A century ago: Jet-setting life of Guangdong people in China's Republican Era (Part II)
Chinese Reporter: Boey Huang
English Editor: Tom Wan
At the beginning of the 20th century, a radical commercial transformation took place in Guangdong, and the pursuit of foreign goods became the mainstream of people's consumption. The blend and merge of Chinese and foreign products, cultures, values, and life patterns boosted in the Republic of China, and new patterns of clothing, food, housing and transportation emerged. A hundred years ago, foreign trade changed people's lives at that time, while the entry of imported products also promoted the gradual development and growth of national industries.
The Guangdong Museum, located in south China's Guangzhou, is holding an exhibition on "Life and Cross-border Trade of Guangdong in the Early 20th Century." Through its over 300 exhibits, the audience gets to revisit the life under the foreign-goods trend in the Republican period in China's history.
Yan Ruyu was a rich modern lady in the Republic of China, who was born and raised in Guangzhou in the early 20th century when western goods flooded into Chinese market. Western-styled mansions, curly hair, improved cheongsam and western cuisine were just child's play, while traveling with a portable folding camera and watching movies at home with a hand-cranked cinematograph were all the trend. Through our lens, let's take a look at how Yan traveled and lived her exquisite life in China's Republican Era.
Click here to read more about the clothing and food culture in the early 20th century.
Home cinema already?
"Electric fan above and flowery tiles below" is an apt portrayal of the wealthy people's living environment in the Republic of China. The entry of foreign goods and western culture enabled a high degree of integration of East and West in architecture, living space, and furniture, which opened the door to modern life for citizens then.
Yan's family was one of the 50,000 families that could afford electric lights in Guangzhou in the 1920s. European electric fans, Danish telephones and lights brought great convenience to Yan's life. What Yan Ruyu liked most was, in particular, a Kodak 90 hand-cranked movie machine, which allowed her to enjoy the most fashionable form of entertainment of the time -- watching movies at home without having to go out and wait in line for a ticket.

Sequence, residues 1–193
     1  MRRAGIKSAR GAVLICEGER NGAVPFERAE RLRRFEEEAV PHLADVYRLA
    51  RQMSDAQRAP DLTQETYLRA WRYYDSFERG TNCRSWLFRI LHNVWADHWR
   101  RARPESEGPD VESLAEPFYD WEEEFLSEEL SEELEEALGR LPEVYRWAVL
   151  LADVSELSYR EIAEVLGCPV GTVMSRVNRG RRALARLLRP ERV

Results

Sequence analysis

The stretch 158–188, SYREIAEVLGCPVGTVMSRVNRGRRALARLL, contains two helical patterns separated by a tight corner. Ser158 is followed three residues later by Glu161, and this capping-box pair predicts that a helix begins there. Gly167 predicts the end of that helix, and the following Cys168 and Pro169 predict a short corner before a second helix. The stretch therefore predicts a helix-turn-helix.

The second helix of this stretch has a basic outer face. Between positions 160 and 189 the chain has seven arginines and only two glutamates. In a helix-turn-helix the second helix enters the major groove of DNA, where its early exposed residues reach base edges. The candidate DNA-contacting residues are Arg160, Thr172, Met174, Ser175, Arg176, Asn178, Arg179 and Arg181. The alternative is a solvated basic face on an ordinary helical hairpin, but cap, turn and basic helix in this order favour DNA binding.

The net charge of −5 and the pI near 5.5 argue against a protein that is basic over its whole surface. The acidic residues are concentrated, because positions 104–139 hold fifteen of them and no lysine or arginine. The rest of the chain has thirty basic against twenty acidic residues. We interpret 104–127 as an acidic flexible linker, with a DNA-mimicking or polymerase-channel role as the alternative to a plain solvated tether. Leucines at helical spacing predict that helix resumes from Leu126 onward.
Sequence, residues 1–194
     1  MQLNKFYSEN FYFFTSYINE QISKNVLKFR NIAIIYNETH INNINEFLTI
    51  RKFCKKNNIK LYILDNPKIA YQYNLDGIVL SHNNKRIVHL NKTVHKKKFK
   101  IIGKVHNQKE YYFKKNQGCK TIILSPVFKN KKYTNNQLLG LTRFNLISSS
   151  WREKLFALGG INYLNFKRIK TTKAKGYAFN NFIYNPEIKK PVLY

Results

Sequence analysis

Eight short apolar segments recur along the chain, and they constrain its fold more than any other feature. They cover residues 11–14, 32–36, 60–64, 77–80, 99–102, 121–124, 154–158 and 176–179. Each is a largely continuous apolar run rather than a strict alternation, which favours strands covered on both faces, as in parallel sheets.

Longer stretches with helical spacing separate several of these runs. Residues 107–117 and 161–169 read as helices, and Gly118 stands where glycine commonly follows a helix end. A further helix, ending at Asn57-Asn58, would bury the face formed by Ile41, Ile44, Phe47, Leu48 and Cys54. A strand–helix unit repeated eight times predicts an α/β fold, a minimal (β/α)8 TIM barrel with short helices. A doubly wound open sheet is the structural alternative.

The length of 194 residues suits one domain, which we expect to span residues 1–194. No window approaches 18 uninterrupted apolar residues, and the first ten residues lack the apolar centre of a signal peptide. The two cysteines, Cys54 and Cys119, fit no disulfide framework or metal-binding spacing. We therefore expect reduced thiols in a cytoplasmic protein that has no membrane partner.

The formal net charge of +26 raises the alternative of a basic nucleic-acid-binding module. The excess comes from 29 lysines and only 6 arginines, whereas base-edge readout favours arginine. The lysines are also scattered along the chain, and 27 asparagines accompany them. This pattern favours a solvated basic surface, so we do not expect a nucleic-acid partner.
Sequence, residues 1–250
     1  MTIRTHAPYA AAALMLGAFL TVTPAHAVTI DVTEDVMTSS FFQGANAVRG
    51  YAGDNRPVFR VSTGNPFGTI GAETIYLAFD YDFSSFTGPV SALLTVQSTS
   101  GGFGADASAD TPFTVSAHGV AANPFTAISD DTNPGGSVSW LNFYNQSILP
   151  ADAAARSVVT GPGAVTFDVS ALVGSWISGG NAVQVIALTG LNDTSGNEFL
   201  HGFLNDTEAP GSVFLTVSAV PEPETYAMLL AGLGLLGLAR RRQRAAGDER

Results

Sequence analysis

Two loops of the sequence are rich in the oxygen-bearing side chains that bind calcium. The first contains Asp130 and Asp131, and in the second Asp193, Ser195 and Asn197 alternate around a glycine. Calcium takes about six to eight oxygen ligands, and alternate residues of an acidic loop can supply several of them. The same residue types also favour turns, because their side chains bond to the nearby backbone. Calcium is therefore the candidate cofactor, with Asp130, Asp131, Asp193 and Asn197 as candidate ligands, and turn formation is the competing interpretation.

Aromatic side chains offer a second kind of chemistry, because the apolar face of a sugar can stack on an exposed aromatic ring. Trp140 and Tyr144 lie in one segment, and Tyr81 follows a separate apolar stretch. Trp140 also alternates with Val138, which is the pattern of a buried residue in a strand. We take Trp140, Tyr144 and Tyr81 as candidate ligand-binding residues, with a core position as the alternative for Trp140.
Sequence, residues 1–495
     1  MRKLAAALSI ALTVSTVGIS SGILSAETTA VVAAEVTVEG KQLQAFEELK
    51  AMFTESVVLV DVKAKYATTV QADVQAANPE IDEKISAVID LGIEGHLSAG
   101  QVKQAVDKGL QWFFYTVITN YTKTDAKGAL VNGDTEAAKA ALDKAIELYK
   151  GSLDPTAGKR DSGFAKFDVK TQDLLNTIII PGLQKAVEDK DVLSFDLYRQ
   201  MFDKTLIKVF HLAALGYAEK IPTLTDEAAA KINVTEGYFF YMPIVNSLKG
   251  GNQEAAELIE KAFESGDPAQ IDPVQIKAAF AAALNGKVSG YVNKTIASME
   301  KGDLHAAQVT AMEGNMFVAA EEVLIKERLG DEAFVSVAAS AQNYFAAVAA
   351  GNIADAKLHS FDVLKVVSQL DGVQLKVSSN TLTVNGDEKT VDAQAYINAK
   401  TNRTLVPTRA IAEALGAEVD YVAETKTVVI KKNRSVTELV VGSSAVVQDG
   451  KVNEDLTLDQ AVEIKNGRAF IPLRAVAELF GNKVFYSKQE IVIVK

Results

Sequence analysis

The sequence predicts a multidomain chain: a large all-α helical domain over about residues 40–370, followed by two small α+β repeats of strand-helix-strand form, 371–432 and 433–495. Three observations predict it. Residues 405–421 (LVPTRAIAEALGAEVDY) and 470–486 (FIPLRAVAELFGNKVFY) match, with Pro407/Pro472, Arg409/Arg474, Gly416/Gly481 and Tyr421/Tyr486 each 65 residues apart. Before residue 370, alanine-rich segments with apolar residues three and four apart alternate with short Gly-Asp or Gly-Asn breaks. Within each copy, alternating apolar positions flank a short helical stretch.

The use of electric lamps also allowed Yan Ruyu to enjoy reading in brighter light, as compared to the traditional kerosene lamp. Interestingly, a blend of East and West was not only manifested in its design and pattern, but also in the materials used to manufacture it. The base of the lamp was made into a traditional Chinese figure with Guangzhou's porcelain, which was exported overseas and later became a part of the lamp, before it was imported into Guangzhou again.
Although electricity had begun to enter Guangzhou's homes in the early years of the Republican Era, people's awareness of the dangers of electricity was yet very limited. Therefore, the power companies then would help educate the public on electricity safety and electric shock rescue measures in addition to providing electricity services.
Early ride-hailing with rickshaws and motor cars
With the rise of online ride-hailing, it has become increasingly convenient for modern people today to travel around. One can hardly imagine that, in fact, Yan was already an adept user of the ride-hailing service back then. In the Republican Era, diverse means of transportation emerged, ranging from traditional man-pulled rickshaws (「黃包車」in Chinese), automobiles to electric boats, as well as the newly-arisen civil aviation industry, which substantially accelerated the pace of life at the time.
Those man-pulled rickshaws, which stopped at a wave of one's hand, were the most popular means of travel in the Republic of China. In old photos of the 1920s and 1930s, those rickshaws could be seen everywhere in the streets of Guangzhou, Shanghai and Hong Kong. Yan, being a pampered daughter in a wealthy family, was no doubt more into cars. Those were early forms of today's taxis in China and served upon reservation. If Yan wanted to use a car, she would need to call the car company a day in advance to make an order, and the next day there will be a driver in front of her door at the designated time to serve. This is arguably pretty similar to today's ride-hailing, one would say.
All such new means of transportation brought great convenience to Yan. When in a good mood, Yan would bring a portable phonograph, which can be disassembled and put in a box and then reassembled to use after reaching the destination. With the phonograph and a Kodak 127 film camera at hand, Yan was able to travel around different places and take photos at scenic spots like people today.
The blend and merge of Chinese and foreign products, cultures and values, and the emergence of new patterns of clothing, food, housing and transportation were significant characteristics of the time. One cannot deny, that it is always eye-opening and fascinating to glance at how people in the past lived and see the connections with today's life.